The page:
Thim's last days.
It didn't matter much to him that he hadn't been chosen. He had already expected it. Thim had always been a sickly little boy. No one wanted a sickly young apprentice. It didn't matter that Thim was smart, hardworking, polite and sweet. In fact, the list of his positive attributes went on and on, but still, it was too risky for any Master to choose Thim. After all, Winter was coming and the chances of Thim surviving another Winter was very low. So, after kissing his parents goodbye and with nothing but his backpack of supplies, and his hen Goldie, Thim set out on his adventure.
His first steps were eager. It was the culmination of a boyhood dream. Who knew who he would meet, what he would discover, when he would die. The adventure of a lifetime. After about a mile on the road, just after he had left the village, his feet started to ache. The bagpack started feeling heavy. So he took a short break. He found a nice green spot of grass by the road-side and sat down cross legged on it. He took his loaf of bread and broke a small piece for himself. He threw a few crumbs to little Goldie, who eagerly pecked it up. She begged for more, but he shooed her off. She squawked and instead began pecking at the grass where he lay.
It wasn't very long before a wagon came rambling down the road from the village. It was Master Aeries, the blacksmith. The wagon came to a halt.
"What are you doing there boy?" asked Master Aeries.
"Just resting, sir," answered Thim.
"You'd best be heading back," Master Aeries said. "It isn't safe out here. There are brigands abound. Outside the village, it isn't safe. You should know that."
"I'm adventuring," replied Thim. "Where are you heading, sir?"
"There's a caravan in Tinstletown. I'll be selling some wares." Master Aeries said.
"Do you think I could hitch a ride with you, sir?" Thim asked meekly. "I was heading there myself."
"Pah! You should run back home now." Master Aeries said. "Don't say I didn't warn you."
Without another word, Master Aeries cracked the whip and the wagon begun rolling down the road.
But Thim wasn't so easily defeated. A wagon ride would be so much faster. Tinstletown wasn't a bad destination either. Better than having no destination. So Thim gathered Goldie, and ran after the wagon. He managed to climb onto the back of the wagon and seated himself there, his legs hanging, his arms coddling his panicking chicken.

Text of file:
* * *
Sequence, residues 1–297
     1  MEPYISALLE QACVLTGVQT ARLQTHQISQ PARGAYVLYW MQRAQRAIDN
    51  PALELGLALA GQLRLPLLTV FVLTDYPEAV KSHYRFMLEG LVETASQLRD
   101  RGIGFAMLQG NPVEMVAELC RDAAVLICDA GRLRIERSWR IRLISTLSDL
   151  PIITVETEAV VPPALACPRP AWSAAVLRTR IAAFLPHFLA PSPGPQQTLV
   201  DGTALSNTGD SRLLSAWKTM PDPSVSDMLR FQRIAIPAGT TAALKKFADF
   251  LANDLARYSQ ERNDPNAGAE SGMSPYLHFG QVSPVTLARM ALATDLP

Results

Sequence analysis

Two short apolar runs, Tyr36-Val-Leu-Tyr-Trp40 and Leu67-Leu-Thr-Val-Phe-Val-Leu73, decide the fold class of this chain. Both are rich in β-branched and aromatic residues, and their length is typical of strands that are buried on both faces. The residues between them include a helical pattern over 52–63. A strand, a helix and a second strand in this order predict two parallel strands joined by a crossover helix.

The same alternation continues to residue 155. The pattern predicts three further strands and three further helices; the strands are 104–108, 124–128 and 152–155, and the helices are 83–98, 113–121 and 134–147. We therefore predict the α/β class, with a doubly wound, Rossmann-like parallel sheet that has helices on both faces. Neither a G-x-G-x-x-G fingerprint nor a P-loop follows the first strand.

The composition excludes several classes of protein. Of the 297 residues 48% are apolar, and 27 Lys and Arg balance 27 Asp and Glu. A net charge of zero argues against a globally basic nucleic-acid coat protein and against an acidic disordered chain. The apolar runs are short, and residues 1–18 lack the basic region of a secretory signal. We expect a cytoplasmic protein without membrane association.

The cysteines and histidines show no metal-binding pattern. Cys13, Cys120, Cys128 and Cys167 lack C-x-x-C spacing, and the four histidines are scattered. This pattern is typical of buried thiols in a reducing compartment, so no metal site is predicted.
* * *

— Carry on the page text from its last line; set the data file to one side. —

After what felt like several hours, Thim started feeling bored and restless. The wagon rumbled on and on. It wasn't even comfortable as he had expected. Everytime the wagon rolled over a stone, he was jolted. Goldie would squawk. The scenery was nothing special. An endless green. A forest of conifers, split by the yellow dirt road. No sign of brigands anywhere. He took out a small red apple from his backpack and nibbled on it. It was hard, and it hurt his gums biting into the apple. He wished he had brought a knife. The wagon rambled on. When he had to pee, he simply stood up and balanced himself. Then he peed, his urine dripping like rain onto the dusty road below. The wagon rambled on. He was getting extremely restless. Likewise, Goldie was pacing the narrow ledge where he sat. He prayed she wouldn't fly off.
The sun was already on the way down when the wagon finally reached Tinstletown. Thim watched from behind as the wagon rolled through the walled gates. There were several soldiers pacing on the walls. So perhaps there were brigands after all. His adventure was shaping up nicely. Thim had never been to Tinstletown before, nor had he seen a real soldier before. He looked at them in awe. They wore tightly fit black leather, with longswords hanging from their belt, crossbows in hand. Ready to fire.
There were so many people in Tinstletown. Everywhere he looked there were people, and they didn't even stare back or notice him. This was his kind of place. Somewhere he could fit in, and not be the sickly boy that everyone knew.
He started hearing music and shouting, laughing and all sorts of noise. Must be the carnival, Thim thought. True enough, a short while later, the wagon came to a halt. Not wanting to be discovered, Thim quickly gathered Goldie and jumped off the wagon, quickly disappearing into the crowd in case Master Aeries should somehow see him.
At first, he just walked around, looking, looking at everything. Everything was new to him. The carnival was set in a large field. There were about thirty tents. Most tents had tables set out with wares set upon the table. There were all sorts of things for sale. Jewelry, trinkets, tools, books, clothes, food. All sorts of things. He looked but didn't touch. He stopped to watch a trio of singers perform some folk song. After each song, the audience would applaude and some would toss a coin into a collecting dish. Further along, there were also clowns, acrobats and even a freak-show.
The tantalising smell of roasting meat soon lured him. He watched hungrily as the cook fanned sticks of skewered meat roasting above a charcoal grill. The delicious aromas filled his lungs but alas, he had no coin. He forced himself away. What an adventure, indeed.
Soon it was evening. He had his dinner, bread and some dried meat. It was hard and tasteless, nothing like the delicious skewered meat he had seen barbecuing. Then it was getting darker. He couldn't tell why, but the carnival area started giving him a cold- almost sinister feeling. He quickly left it and found his way to what seemed like the town square. By then it was almost dark. So he found a hole, crawled into it and hoped to die.